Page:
Update: June 16, 6:40 p.m.

After a day of tweets questioning why he had not yet made a statement on the #BlackAtUark campaign, Steinmetz tweeted a response Tuesday afternoon. He said he thinks the online conversation is an important step towards affecting change at the UofA.

Steinmetz also referenced the viral video and other recent incidents of racist social media posts by UA students, and said he has been meeting with Black students to hear their concerns.

Steinmetz has not yet issued an official statement via press release or disseminated his response to the UA community via email.

In an email, Manager of University Communications John Thomas echoed Steinmetz’s tweets, saying that Steinmetz and other campus officials have been following the Twitter campaign and that the chancellor is meeting weekly with Black students.

“We are working to grow that group to make sure all voices are heard as we work together to build a better campus and world,” Thomas said.


As nationwide Black Lives Matter protests continue into their fourth week, Black UA community members are tweeting to share their experiences with racial discrimination and under-representation on campus.

Using #BlackAtUARK, hundreds of users posted public tweets Monday denouncing what they said is a university culture of subtle and overt racism, racial profiling and lack of resources and support for Black students. Of the more than 9,000 tagged tweets, many have garnered several hundred likes and dozens of retweets, and the hashtag trended in the U.S. Monday night.

The Twitter campaign comes two weeks after the UA chapter of Sigma Chi expelled two members of the fraternity in response to a Snapchat video appearing to show the students mocking George Floyd’s death at the hands of Minneapolis police. 

UA officials announced a Code of Student Life investigation into the two students June 2, but said the release of student disciplinary action is limited by federal student privacy laws. Representatives of two dozen student organizations signed an open letter June 1 calling for the students to be expelled from the UofA.

Many of Monday’s tagged tweets focused on negative experiences students said they had in UA classes, particularly when the subjects of race or racism came up in lessons and class discussions.

Some users said they thought their white professors and other white campus staff treated them differently than they did white students.

Other users posted about their feelings of being left out of the UA Greek Life community, even when they belonged to a Black fraternity or sorority on campus. Some said they thought that majority-white chapters appropriated elements of Black culture but didn’t respect Black people.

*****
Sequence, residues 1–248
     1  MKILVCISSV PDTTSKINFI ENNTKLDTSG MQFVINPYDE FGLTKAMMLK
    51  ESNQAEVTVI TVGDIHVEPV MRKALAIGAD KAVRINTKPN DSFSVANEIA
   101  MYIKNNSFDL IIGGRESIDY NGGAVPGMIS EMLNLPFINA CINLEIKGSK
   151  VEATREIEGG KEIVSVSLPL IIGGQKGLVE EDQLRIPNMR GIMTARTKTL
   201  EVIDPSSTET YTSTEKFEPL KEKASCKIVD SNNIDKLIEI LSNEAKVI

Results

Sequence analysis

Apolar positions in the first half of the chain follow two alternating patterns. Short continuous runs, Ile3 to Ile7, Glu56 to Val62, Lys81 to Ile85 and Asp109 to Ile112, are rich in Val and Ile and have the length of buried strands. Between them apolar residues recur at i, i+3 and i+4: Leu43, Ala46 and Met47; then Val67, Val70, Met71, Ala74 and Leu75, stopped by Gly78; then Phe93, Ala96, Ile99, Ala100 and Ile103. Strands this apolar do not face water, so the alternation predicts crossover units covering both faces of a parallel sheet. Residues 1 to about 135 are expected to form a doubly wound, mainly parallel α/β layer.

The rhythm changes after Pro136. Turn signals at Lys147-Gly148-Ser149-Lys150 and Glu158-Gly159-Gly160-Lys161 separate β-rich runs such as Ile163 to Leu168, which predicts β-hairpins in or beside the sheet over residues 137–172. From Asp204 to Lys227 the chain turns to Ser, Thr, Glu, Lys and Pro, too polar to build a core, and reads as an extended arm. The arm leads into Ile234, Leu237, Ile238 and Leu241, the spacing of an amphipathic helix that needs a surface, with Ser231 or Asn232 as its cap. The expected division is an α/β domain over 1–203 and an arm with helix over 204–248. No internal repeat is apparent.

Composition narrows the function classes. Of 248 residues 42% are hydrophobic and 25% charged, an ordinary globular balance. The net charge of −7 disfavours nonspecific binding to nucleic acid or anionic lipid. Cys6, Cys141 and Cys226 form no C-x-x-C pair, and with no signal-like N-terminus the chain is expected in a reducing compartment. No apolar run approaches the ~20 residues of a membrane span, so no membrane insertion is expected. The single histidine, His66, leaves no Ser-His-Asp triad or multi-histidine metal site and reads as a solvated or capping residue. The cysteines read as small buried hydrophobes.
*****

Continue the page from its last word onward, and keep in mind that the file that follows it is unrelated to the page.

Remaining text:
Still others said they had been racially profiled by members of the University of Arkansas Police Department and other campus officials who seemed to assume that they were criminals.

UAPD Capt. Gary Crain was not previously aware of the #BlackAtUARK campaign, but he said UAPD officers are expected to uphold state and international accreditation requirements and abide by a code of conduct.

“I can say that we have high standards and high expectations for any of our officers,” Crain said.

Crain said the UAPD has an internal process for investigating officers for conduct violations, and he encourages students who have had negative interactions with officers to report them. Instructions for submitting complaints are available on the UAPD website’s Commendations and Complaints page.

A common theme among the stories shared Monday was frustration with the UA administration. Many said they thought UA officials do not make serious efforts to protect, uplift or grow the campus’s small Black student population.

Of the 25,711 graduate and undergraduate students enrolled during the Spring 2020 semester, 4.3% were Black, according to the UA Office of Institutional Research and Assessment. In comparison, 15.7% of Arkansas residents are Black, according to the U.S. Census Bureau.

A Twitter account by the name BlackStudentCaucusUARK was launched Monday and represents “a group of students at The University of Arkansas who are reclaiming their voice in the face of adversity,” according to the account’s biography.

In a post on its accompanying Instagram account, members of the newly formed group described the organization as “a reactionary group established solely to address systemic racism issues on the University of Arkansas campus.” 

The Black Student Caucus retweeted many #BlackAtUArk tweets and posted a list of 15 demands for racial policy reforms at the UofA on Twitter and Instagram Monday. 

The demands include a statement from Chancellor Joseph Steinmetz regarding the viral Snapchat video, funding for the creation of a Black Student Life Center and the hiring of more Black staff, particularly in the Pat Walker Health Center and the Office of Student Standards and Conduct.

The Arkansas Traveler has reached out to representatives of the Black Student Caucus for comment, but had not received a response by time of publication.

This is an ongoing report. The Arkansas Traveler will update this article as information is made available.

Sarah Komar is the news editor for The Arkansas Traveler, where she previously worked as a staff reporter in 2019 and early 2020.

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